The saying “No good deed goes unpunished” applies only to humans.
Only human beings have the remarkably perverse aptitude of not just being ungrateful for an act of kindness, some actually turn on you for having helped them.
I still remember a foreign student I had helped — a young woman from Ethiopia for whom I bought a pair of prescription eyeglasses after I discovered the reason she always sat in the front row was because she was near-sighted. That afternoon, I took her to Wal-Mart, paid for her eye examination and glasses.
At the end of the semester, she accused me of racism because I gave her final take-home essay, which was replete with grammatical errors, a “B” grade (which was generous) instead of the “A” she felt she deserved.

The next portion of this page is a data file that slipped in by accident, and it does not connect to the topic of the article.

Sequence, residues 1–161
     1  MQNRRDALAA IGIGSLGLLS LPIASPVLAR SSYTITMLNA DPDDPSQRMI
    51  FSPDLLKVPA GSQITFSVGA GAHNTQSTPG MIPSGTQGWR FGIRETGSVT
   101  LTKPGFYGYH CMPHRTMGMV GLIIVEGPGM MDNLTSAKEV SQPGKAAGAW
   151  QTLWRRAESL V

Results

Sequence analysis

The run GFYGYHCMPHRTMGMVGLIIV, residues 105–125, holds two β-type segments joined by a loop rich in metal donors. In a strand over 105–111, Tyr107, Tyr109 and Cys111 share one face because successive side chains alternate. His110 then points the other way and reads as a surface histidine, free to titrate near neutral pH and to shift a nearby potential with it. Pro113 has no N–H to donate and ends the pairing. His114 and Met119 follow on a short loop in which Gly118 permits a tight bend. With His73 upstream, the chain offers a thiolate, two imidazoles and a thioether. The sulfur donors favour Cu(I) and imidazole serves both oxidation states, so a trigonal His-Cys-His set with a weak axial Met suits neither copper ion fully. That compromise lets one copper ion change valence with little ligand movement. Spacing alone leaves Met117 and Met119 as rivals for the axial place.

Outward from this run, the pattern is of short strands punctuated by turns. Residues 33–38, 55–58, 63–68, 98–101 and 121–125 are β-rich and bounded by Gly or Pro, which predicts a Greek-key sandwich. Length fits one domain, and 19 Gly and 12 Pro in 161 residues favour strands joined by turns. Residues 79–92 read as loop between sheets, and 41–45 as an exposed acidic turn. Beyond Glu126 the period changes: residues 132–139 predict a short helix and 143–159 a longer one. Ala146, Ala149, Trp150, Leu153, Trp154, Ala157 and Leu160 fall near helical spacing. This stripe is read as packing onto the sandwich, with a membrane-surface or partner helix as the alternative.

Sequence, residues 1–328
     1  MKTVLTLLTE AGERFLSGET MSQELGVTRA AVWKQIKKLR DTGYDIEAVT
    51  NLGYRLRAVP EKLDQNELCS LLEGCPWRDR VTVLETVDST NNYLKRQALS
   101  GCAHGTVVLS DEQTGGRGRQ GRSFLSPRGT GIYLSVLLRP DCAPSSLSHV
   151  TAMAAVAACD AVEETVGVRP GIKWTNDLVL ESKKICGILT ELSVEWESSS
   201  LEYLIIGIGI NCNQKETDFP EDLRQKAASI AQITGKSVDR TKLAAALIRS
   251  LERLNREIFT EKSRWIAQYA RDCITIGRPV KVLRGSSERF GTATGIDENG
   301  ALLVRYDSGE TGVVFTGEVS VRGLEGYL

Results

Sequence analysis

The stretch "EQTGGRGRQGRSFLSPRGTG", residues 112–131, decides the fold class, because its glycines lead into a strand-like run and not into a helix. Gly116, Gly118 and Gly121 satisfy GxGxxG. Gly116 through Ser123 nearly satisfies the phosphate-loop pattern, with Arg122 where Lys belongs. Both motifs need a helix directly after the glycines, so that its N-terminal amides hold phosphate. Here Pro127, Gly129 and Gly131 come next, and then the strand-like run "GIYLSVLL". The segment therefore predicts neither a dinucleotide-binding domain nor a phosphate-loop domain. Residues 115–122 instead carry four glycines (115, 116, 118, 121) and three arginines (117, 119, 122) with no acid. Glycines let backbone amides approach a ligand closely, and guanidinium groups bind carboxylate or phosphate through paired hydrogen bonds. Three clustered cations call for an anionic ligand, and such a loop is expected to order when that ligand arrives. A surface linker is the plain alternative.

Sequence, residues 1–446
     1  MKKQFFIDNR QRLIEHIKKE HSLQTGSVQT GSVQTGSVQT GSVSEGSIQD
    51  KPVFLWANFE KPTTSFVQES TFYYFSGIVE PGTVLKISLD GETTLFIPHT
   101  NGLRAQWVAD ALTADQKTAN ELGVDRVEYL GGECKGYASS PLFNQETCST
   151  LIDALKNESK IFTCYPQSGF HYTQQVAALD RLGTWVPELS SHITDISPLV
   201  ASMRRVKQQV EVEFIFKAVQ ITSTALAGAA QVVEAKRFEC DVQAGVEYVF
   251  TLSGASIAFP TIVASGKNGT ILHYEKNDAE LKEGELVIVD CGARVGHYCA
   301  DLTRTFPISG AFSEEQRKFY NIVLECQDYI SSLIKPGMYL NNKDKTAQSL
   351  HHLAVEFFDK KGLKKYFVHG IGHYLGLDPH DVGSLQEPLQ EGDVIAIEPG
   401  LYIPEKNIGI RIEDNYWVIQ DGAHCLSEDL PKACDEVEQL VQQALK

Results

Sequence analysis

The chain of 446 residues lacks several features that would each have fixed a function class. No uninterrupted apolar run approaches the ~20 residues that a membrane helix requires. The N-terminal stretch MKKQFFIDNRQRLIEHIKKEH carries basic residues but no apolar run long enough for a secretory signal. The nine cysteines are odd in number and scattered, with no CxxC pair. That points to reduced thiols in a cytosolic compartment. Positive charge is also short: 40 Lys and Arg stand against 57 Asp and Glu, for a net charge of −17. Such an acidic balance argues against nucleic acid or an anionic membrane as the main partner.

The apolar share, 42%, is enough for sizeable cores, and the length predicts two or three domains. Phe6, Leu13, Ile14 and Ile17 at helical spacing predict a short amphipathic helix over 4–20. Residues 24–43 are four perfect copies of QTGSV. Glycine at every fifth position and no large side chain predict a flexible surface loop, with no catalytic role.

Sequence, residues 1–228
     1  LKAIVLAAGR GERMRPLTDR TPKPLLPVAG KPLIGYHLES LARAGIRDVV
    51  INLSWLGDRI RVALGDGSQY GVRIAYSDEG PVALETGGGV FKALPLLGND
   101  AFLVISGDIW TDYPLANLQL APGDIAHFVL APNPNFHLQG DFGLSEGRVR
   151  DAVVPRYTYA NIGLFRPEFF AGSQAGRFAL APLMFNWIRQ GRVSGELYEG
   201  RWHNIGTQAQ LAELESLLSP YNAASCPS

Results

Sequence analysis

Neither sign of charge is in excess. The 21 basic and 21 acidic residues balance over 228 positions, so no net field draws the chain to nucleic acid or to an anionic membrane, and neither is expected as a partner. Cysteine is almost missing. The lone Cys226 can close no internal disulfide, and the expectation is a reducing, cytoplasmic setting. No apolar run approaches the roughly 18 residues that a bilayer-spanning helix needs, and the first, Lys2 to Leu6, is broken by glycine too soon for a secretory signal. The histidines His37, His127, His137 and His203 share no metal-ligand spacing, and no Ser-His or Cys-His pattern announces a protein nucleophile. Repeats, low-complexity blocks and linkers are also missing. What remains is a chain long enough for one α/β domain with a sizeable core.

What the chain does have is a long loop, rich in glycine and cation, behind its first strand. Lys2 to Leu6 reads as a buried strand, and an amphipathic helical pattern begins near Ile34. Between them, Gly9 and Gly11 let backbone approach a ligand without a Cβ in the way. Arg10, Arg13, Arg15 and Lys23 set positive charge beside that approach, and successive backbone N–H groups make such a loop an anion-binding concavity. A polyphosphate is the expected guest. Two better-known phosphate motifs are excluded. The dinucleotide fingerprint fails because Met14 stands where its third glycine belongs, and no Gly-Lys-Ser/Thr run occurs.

Unlike humans, animals are grateful for our kindness, and they remember.
Here are three examples.
(1) A young bull dances for joy after being released from a narrow cage.
When he was transported to a large pen filled with straw, he dances for joy again, then touches his rescuer with his head in gratitude.
(2) Richard Wiese found a swan who was injured from flying into a chain-link fence.
So Wiese brought the swan to a sanctuary for treatment.
Years later, Wiese and the swan saw each other again. The swan had not forgotten, and wrapped her long neck around Wiese’s.
(3) GiGi, a great horned owl severely injured from being hit by a car, was nursed back to health by Doug Pojeky, president of Mississippi’s Wild at Heart Rescue.
When Pojeky returned from a trip to Michigan, GiGi showed how much she’d missed him. The owl bobbed her head, danced on Pojeky’s arm, then slowly walked up to his chest, rested her head on his shoulder and draped her wings around him in a big owl hug.